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Newsletter Vol. 1 Issue #2
Is Your Child Ready for a Pet?
Is there any site more endearing, more “aww”-inspiring, than seeing a small which with a baby animal?
But what makes a good choice for your child’s first pet?
of all, never buy a pet on a whim. A pet is not a toy, to be played with
for a few weeks then tossed aside or ignored because your child has
gotten bored with it. That is why, idyllic television commercials to the
contrary, it might not be a good idea to give a pet present at holiday
time. Any animal is adorable as a baby, but what happens when it grows
older? Are you willing to accept responsibility for the pet should an
illness or accident occur?
some research on your prospective acquisition. It is better to find out
beforehand if your child has allergies rather than bring in a pet and be
forced to return it.
consideration: How hectic is your schedule? Although your child begs for
a little friend, swearing on all that is holy to take care of it, you
just know you’re the one who will end up as the major
caretaker. Think: how happy will you be to have to walk Rover on those
sub-zero winter nights? Do you have the time to give him the attention
and affection he deserves? Pets are creatures of habit and need a
don’t overlook the size of your living space: is it really large
enough for that St. Bernard?
there are the costs of ownership that often gets overlooked. You have
daily feedings, leashes, collars, toys accessories, and licenses. They
will all require medical care from time to time. You should also have
any pet neutered, unless you are planning on breeding them. There are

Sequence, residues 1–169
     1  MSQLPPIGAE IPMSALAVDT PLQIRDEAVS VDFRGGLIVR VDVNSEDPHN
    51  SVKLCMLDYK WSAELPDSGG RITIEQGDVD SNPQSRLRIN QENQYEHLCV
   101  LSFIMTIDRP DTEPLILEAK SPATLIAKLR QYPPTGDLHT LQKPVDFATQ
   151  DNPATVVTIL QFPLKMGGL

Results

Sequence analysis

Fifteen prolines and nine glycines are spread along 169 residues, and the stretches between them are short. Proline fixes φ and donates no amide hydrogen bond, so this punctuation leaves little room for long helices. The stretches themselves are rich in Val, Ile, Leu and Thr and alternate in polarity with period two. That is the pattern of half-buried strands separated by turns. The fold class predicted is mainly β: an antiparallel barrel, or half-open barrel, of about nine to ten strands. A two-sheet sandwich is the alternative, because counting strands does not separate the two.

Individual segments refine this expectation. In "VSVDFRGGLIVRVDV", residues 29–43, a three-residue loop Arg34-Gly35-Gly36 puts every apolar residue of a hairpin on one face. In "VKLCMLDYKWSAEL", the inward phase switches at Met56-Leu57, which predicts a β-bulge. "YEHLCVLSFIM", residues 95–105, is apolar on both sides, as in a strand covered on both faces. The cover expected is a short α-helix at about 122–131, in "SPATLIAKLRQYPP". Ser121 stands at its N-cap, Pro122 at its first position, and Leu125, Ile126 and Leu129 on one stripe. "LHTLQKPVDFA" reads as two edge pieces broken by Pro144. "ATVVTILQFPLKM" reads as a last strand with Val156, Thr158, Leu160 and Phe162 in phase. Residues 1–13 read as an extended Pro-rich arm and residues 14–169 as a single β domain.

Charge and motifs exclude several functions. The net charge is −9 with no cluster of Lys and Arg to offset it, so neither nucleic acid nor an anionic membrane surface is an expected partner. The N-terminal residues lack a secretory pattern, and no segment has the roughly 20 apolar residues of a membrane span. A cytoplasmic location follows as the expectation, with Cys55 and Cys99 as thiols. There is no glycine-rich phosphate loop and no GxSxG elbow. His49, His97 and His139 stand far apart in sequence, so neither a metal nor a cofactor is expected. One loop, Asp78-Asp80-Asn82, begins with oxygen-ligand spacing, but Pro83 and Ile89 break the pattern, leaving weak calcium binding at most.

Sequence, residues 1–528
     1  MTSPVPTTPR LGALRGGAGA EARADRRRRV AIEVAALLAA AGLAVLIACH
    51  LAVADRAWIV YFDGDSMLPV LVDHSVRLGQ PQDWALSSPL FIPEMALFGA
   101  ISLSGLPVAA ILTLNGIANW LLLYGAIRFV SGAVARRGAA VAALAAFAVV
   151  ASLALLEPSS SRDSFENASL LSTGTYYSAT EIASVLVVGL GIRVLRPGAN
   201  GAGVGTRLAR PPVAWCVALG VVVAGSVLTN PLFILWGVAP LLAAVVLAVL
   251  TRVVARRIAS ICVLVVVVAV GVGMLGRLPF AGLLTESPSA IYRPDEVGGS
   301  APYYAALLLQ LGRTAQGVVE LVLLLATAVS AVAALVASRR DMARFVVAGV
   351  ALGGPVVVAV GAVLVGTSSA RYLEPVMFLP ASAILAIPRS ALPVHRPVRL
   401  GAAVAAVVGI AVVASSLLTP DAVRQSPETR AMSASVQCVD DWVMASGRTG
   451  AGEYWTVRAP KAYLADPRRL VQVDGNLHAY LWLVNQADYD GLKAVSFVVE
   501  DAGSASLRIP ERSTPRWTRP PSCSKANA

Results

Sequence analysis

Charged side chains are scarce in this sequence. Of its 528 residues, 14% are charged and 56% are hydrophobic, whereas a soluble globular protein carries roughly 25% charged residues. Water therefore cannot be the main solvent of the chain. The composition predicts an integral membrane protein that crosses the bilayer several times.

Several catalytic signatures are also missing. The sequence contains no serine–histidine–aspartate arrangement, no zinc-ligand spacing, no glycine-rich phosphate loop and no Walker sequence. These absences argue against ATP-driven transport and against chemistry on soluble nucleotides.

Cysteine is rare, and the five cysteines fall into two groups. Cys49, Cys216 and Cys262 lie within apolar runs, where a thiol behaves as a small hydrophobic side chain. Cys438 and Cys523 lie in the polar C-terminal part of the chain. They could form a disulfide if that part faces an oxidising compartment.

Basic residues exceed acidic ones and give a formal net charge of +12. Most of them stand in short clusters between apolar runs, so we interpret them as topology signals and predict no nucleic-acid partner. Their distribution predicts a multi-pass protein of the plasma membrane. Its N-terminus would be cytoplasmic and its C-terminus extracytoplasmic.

already more animals in shelters than homes for them.
Generally speaking, a dog might not be the best choice for a child under five years old. She can share in certain responsibilities (such as feeding and brushing), but should probably not walk the animal alone before the age of ten. You might also consider obedience training (for the dog, not your child. Then again . . .)
about a guinea pig, gerbil, hamster or rabbit. They can be lots of fun
and are relatively inexpensive to care for.
pigs are gentle, love attention and make a wonderful first pet. They
should be purchased before the age of three months old so they can get
accustomed to people more easily. They eat food pellets as well as leafy
green vegetables, but need a fresh source of Vitamin C since they cannot
manufacture it themselves.
good choices for first pets are gerbils and hamsters, which have
friendly, intelligent and curious natures. Mice and rats are also good
alternatives. Hamsters are smart but can be a bit “nippy,” so they
should only be handled with supervision. Kids – and adults as well –
get a kick out of watching hamsters play in “habitats,” tubes
connected to form a series of tunnels.
Rabbits are cuddly and affectionate as well. They can be kept in a hutch and taught to use a litter box. You should watch out for your wooden furniture and electrical wires, however, because they love to nibble. Another word of caution: rabbits should not be picked up suddenly because they may scratch if startled.
and reptiles, although lovely to look at, are not an ideal match for a
child. Birds can bite and reptiles require a lot or care and can carry
Salmonella. Fish are also beautiful to watch but are hardly interactive
enough for a child.
all this to think about, you might have second thoughts about giving in
to your youngster’s pleas to get that pet. But with proper
consideration beforehand and supervision afterwards, it’s well worth
the effort when you see your child cuddled up with her furry little
© 2016 Vet-on-Wheels